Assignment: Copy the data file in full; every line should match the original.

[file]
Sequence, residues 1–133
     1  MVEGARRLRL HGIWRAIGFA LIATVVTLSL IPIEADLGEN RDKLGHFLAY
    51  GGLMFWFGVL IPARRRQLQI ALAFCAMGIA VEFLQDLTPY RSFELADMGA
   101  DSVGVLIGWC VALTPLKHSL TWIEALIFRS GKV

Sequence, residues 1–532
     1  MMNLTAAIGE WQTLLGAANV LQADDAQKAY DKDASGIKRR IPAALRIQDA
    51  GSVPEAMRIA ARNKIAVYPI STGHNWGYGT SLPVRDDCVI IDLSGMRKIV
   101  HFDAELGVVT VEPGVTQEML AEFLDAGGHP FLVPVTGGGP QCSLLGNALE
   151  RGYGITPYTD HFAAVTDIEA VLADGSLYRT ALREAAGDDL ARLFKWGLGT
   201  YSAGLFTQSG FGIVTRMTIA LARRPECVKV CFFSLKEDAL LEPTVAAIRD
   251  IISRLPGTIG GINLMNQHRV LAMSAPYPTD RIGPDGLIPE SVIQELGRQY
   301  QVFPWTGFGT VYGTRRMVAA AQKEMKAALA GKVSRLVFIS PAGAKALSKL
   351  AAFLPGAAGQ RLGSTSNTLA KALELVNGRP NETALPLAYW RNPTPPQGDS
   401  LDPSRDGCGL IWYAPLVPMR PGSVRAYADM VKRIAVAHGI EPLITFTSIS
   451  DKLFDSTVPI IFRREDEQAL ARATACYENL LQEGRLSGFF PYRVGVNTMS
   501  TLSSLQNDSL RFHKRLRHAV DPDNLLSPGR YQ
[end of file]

Sequence, residues 1–133
     1  MVEGARRLRL HGIWRAIGFA LIATVVTLSL IPIEADLGEN RDKLGHFLAY
    51  GGLMFWFGVL IPARRRQLQI ALAFCAMGIA VEFLQDLTPY RSFELADMGA
   101  DSVGVLIGWC VALTPLKHSL TWIEALIFRS GKV

Sequence, residues 1–532
     1  MMNLTAAIGE WQTLLGAANV LQADDAQKAY DKDASGIKRR IPAALRIQDA
    51  GSVPEAMRIA ARNKIAVYPI STGHNWGYGT SLPVRDDCVI IDLSGMRKIV
   101  HFDAELGVVT VEPGVTQEML AEFLDAGGHP FLVPVTGGGP QCSLLGNALE
   151  RGYGITPYTD HFAAVTDIEA VLADGSLYRT ALREAAGDDL ARLFKWGLGT
   201  YSAGLFTQSG FGIVTRMTIA LARRPECVKV CFFSLKEDAL LEPTVAAIRD
   251  IISRLPGTIG GINLMNQHRV LAMSAPYPTD RIGPDGLIPE SVIQELGRQY
   301  QVFPWTGFGT VYGTRRMVAA AQKEMKAALA GKVSRLVFIS PAGAKALSKL
   351  AAFLPGAAGQ RLGSTSNTLA KALELVNGRP NETALPLAYW RNPTPPQGDS
   401  LDPSRDGCGL IWYAPLVPMR PGSVRAYADM VKRIAVAHGI EPLITFTSIS
   451  DKLFDSTVPI IFRREDEQAL ARATACYENL LQEGRLSGFF PYRVGVNTMS
   501  TLSSLQNDSL RFHKRLRHAV DPDNLLSPGR YQ